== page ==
Tired Of Tomorrow
13th May 2016 – Relapse Records
01. Fever Queen
02. The Dead Are Dumb
03. Vertigo Flowers
04. A.C.D(Abcessive Compulsive Disorder)
05. Nineteen Ninety Heaven
06. Curse Of The Sun
07. Eaten By Worms
08. Everyone Is Happy
09. Our Plague
10. Tired Of Tomorrow
Straddling genres is all the rage these days. With markets becoming ever more saturated bands are having to go the extra mile to stand out alongside their contemporaries. Such is the case for Philadelphia’s Nothing, whose melting pot of shoegaze, grunge and hardcore is something really exciting. Tired Of Tomorrow is the band’s second full length and what an evolution it is; the culmination of two years of tough life experiences, its youthful maturity is introspective and relevant to almost everyone.
An explosion of frenetic drumming sparks opener ”Fever Queen” into life with before settling into melancholic shoegaze, complete with singer Domenic Palmero’s subdued delivery. There is a brightness to it, ushered in by waves of reverbed guitars and stumbling basslines that sweep the track along with in a wistful manner. Follow-up “The Dead Are Dumb” is decidedly more classic in its approach however; an 80s vibe and a cautious, breathless Palmero, prominent once more with his shimmering vocal discordance.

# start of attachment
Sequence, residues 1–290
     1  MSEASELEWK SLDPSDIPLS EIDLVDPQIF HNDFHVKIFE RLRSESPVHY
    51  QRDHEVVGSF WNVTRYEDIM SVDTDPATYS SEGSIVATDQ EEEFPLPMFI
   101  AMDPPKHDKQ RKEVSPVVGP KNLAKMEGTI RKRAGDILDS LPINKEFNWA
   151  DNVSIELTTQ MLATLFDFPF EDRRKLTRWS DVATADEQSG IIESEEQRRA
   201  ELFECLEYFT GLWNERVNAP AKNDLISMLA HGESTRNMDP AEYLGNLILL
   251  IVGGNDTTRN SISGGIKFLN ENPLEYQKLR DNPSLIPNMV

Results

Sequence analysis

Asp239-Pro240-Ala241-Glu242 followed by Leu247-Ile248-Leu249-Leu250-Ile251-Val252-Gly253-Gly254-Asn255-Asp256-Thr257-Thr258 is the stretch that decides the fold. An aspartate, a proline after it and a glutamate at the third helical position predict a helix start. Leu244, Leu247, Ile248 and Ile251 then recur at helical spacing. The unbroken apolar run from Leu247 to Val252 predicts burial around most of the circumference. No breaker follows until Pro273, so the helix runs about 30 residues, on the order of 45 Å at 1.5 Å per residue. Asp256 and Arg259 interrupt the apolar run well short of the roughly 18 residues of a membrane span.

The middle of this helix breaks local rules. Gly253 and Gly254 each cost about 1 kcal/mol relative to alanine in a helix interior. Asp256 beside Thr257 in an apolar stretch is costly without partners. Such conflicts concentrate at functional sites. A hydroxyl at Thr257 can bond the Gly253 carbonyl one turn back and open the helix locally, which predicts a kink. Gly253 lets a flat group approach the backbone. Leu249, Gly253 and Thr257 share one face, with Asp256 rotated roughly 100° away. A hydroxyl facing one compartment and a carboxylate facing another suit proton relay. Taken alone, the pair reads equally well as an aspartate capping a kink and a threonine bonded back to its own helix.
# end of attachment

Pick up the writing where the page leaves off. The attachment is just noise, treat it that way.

Tired Of Tomorrow‘s shoegazey textures really shine, but the record is not without its heavier sections. “ACD (Absessive Compulsive Disorder)” is a perfect example, bringing to credence the dark subject matter of the song: an introspective view of a man coming to terms with his own shortcomings, echoed by the heavy strumming and a grungy crunch. It’s immediately contrasted by the dreamlike “Nineteen Ninety Heaven“, where a subtle sense of triumph is mirrored in the lyrical themes and the gentle guitar strums that feel like a wave of relief after the chaos of what has come before.
One of the faster tracks on the album, ”Curse Of The Sun” throws in some punk elements along with swirling leads and breathless vocals, cut through by heavy riffing rhythms and bombastic drum sections. It instantly familiar to the ears but decidedly fresh at the same time, and the motif folds into the Smashing Pumpkins-esque “Eaten By Worms“; the chugging guitars and slow tempo completely mollifying to the senses.
The album slows down as it draws to its inevitable conclusion, with the title track marking the end of the line for what has been an impressive journey. “Tired Of Tomorrow” brings the tribulations of a band going through hell and all of the forlorness that comes with that. The track’s lamenting piano is underpinned by a wave of mournful strings and an almost perfect vocal performance. The record, viewed in its entirety, reflects life; it has its highs and lows, and this final track is the perfect culmination of the experience. A few seconds after the last notes ring out, a final phrase – “this is is what God is” – is spoken from the silence. Perfect.
Tired Of Tomorrow is the agonising culmination of heartbreak, perseverance and the gradual wearing down of the human spirit and the retort that things could get better tomorrow; an antithesis to bygone clichés written by those with enough maturity and experience to make such a statement whilst still retaining enough youthful energy to breathe some life into what could have otherwise become a pretty miserable listening experience.